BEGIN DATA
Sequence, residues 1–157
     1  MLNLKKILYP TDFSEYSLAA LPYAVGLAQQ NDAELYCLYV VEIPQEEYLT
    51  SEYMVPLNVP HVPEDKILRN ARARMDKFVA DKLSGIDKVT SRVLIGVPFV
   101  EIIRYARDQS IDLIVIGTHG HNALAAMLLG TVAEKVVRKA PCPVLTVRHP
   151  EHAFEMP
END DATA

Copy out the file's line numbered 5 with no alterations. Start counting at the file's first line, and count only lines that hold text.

   151  EHAFEMP